from the huuuuge dept
I have to admit that I find Donald Trump's presidential campaign fascinating. Or, rather, I find its survival to this point fascinating. What amazes me about it is that the Trump campaign exhibited a strong commitment to not actually putting forward any detailed policy prescriptions, except for a few general policy ideas that mostly conflict with the party whose nomination he's seeking. And those policy ideas he does express have generally been either despicable, impossible to implement, or both. Deporting six million Latin Americans? Yeah, that just isn't going to happen. Putting a hold, however temporary, on legal immigration by using a religious test to keep Muslims out of the country? That violates the very founding document an American President would be tasked with upholding. Also, it's disgusting.
But this is what you get when you have a candidate whose campaign is reflecting base anger rather than actual knowledge and know-how. And Trump's latest policy proclamation is further proof that potential voters are listening to someone who simply doesn't know what the hell they're talking about. If, like me, you're a sadist, then you too were watching the latest Republican debate on CNN the other night when Trump was asked several times if he would consider censoring the internet to combat ISIS. He eventually said he would, in a very Trump-ish way.
"I would certainly be open to closing areas where we are at war with somebody. I sure as hell don't want to let people that want to kill us and kill our nation use our internet."So that nobody thinks this is pulled out of context, Trump was actually confirming what he'd said at a campaign stop days earlier.
"We're losing a lot of people because of the internet, and we have to do something," Trump said at a rally earlier this month. "We have to go see Bill Gates and a lot of different people that really understand what's happening. We have to talk to them maybe in certain areas closing that internet up in some way."So, the policy prescription here is for all of us to caravan over to Bill Gates house and discuss how to close up that internet over coffee and scones. Putting aside the concept of the internet being "ours", as in America's, which is dumb to begin with, most people have taken Trump's idea to be one of two things: either we're shutting down the internet in Syria and Iraq, or we're filtering the internet both inbound and outbound on the American side to keep ISIS from reaching our citizens.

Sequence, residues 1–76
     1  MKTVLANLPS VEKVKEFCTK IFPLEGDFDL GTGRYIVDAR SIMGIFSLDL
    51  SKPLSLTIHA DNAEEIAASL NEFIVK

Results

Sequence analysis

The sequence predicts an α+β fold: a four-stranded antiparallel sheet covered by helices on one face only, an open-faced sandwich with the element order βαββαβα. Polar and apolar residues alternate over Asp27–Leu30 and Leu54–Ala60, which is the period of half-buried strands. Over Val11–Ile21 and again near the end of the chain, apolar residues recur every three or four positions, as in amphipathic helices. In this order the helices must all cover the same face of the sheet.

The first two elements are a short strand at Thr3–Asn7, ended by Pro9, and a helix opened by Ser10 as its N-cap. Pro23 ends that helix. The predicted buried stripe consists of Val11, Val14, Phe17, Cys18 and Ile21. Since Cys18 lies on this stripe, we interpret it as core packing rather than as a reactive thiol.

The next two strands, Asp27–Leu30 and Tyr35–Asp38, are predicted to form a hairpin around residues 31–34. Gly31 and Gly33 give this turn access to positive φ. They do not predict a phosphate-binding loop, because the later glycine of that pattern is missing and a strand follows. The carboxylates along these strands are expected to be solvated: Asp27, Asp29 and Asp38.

As some have already written, the concept of us shutting down the internet in Syria is unworkable.
This post claims it would be easy, just forge a BGP announcement. Doing so would then redirect all Syrian traffic to the United States instead of Syria. This is too simplistic of a view. Technically, the BGP attack described in the above post wouldn't even work. BGP announcements in the United States would only disrupt traffic to/from the United States. Traffic between Turkey and ISIS would remain unaffected. The Internet is based on trust -- abusing trust this way could only work temporarily, before everyone else would untrust the United States. Legally, this couldn't work, as the United States has no sufficient legal authority to cause such an action. Congress would have to pass a law, which it wouldn't do.This is technical speak for "the internet routes around censorship", especially so when you're talking about an outside force attempting to flip the off switch on internet access to an entire geographical region. It's impossible as a practical matter and downright stupid strategically on top of it. Note that ISIS controlled territory is absolutely spilling over with innocents that have no interest in ISIS ruling their lives. Trump would have us cut off one of our few access roads to those people? Why? They're the ones we're going to eventually need on our side.